It’s official: The IEEE has formed a study group to advance next-generation 400-Gbit/s Ethernet, with its chairman telling Slashdot that the standard could be ratified by 2017.
So-called “pre-standard” products could appear as early as mid- to late 2016, said John D’Ambrosia, chair of the new IEEE 802.3 400Gbps Ethernet Study Group and a technology evangelist with Dell.
The 400-Gbit technology was essentially a done deal, given a straw poll last September that found 61 of the 62 attendees voting to support 400 Gbits/s as the basis for the near-term “call for interest,” or CFI. Ethernet running at terabits speed could be the next step, D’Ambrosia said, following 400-Gbit technology and the aggregation of 400-Gbit ports.
In fact, data collected by the IEEE seems to imply that we could be using 400-Gbit Ethernet technology sooner than later. A July 2012 report by the IEEE concluded that, if current trends continue, networks would need to support capacity requirements of 1 terabit per second in 2015 and 10 terabits per second by 2020. But that’s only partially true: D’Ambrosia said that the operators of the London Olympics were already dealing with terabit demands on their network last year. “For them, 2015 was already here,” he said.
Global IP traffic will experience a fourfold increase from 20 exabytes per month in 2010 to 81 exabytes per month in 2015, a 32 percent CAGR, the IEEE predicted, based on reports from networking providers such as Cisco. Ironically, in 2006, when the current 100-Gbits/ transition was considered, there was debate on whether or not the additional bandwidth was even necessary. “This time around everybody recognizes that bandwidth is just exploding,” D’Ambrosia added.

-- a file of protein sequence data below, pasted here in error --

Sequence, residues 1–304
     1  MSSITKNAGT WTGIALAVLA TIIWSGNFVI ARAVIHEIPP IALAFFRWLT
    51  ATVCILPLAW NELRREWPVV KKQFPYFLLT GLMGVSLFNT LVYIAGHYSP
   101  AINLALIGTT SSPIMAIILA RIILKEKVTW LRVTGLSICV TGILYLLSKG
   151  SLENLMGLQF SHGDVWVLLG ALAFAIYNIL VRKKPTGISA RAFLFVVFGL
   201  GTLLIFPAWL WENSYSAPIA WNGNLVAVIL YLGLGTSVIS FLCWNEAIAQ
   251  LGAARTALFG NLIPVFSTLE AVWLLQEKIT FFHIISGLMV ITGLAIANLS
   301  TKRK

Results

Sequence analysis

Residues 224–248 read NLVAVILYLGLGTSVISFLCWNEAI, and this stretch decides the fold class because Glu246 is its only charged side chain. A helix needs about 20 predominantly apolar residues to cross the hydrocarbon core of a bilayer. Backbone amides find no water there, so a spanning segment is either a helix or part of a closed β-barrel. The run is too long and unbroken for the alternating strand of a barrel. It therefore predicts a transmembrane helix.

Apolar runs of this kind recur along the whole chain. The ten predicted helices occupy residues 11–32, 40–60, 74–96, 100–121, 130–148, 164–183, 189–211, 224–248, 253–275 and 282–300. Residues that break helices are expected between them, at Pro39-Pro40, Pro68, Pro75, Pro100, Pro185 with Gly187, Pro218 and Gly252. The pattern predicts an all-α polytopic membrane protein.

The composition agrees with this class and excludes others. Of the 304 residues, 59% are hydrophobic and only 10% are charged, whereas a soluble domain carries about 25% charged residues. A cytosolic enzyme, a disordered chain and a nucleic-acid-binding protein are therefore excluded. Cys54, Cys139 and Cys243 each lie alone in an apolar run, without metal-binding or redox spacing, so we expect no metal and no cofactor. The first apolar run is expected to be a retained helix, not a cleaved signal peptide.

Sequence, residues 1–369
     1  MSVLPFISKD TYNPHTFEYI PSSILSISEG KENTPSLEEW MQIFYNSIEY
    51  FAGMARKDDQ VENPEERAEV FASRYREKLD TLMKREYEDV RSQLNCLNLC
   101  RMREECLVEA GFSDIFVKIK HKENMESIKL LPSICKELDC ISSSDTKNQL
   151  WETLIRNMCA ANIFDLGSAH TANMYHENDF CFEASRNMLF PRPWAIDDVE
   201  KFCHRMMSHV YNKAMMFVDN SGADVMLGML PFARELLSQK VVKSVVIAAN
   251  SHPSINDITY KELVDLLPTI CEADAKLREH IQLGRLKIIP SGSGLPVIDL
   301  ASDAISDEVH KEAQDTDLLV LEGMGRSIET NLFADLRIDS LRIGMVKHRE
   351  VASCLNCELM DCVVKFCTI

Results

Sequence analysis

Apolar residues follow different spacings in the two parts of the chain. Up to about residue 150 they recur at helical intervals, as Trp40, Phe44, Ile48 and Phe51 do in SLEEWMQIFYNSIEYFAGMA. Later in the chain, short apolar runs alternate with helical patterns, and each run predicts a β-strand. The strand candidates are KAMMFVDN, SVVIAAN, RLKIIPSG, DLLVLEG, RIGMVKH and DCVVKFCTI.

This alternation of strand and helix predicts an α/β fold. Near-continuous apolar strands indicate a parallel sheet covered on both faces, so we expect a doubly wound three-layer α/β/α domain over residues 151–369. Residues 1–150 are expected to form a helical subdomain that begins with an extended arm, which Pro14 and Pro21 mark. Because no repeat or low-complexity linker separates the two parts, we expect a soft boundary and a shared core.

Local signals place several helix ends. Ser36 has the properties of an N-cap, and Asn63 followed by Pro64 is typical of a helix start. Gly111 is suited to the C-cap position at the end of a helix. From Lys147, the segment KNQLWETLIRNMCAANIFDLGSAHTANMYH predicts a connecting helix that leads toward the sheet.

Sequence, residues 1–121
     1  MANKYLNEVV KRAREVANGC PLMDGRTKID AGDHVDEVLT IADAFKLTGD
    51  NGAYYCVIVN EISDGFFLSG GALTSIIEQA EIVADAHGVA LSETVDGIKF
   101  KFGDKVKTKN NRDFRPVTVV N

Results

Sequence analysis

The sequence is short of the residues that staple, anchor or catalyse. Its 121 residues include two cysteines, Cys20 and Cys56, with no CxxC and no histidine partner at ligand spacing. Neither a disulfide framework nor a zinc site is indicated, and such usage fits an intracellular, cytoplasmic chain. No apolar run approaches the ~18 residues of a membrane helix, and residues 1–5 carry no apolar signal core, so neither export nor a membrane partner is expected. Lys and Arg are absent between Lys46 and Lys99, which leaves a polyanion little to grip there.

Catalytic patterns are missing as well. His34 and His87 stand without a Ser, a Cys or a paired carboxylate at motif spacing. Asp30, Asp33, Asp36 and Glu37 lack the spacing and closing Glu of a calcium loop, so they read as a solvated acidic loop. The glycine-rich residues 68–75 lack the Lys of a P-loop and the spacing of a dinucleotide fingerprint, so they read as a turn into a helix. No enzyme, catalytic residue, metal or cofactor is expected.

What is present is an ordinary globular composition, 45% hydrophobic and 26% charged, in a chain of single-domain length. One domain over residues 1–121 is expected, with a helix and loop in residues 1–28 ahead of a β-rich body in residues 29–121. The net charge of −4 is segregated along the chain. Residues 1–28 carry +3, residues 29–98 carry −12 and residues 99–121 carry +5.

How much so? “One of the things that caught us off-guard—we actually had to double-check—was that, based on current trends, by 2016 the number of mobile videos people will be watching will exceed wirelines.”
Even though 100-Gbit Ethernet products are just coming to market, the transition between 100- and 400-Gbit Ethernet is being considered; link aggregation is one solution, although it only scales so far until “it becomes a cable management nightmare,” D’Ambrosia said.
It’s possible that some manufacturers will begin marketing so-called “pre-standard” or “draft-standard” products. Within the 802.11 Wi-Fi market, for example, the practice is almost standard, so that manufacturers have launched products based on a draft standard that can be fine-tuned with a firmware update. If manufacturers do launch those products, D’Ambrosia suggested they could roll out in late 2016.
What could 400-Gbits/s technology look like? We won’t truly know until proposals begin to be submitted. But in September, networking provider Finisar hinted that a potential 400 Gb/s MAC/PCS ASIC could be fabricated in either 20- or 28-nm CMOS, using a 400-bit wide bus and a 1 GHz clock rate. There is a strong desire to reuse 802.3ba, 802.3bj, and 802.3bm technology building blocks, one Finisar executive said at the time.
Actual product sales have been shown to lag far behind the technology, with buyers actually purchasing slower, cheaper networking technologies rather than investing in the future. From a specification standpoint, however, the work is officially under way.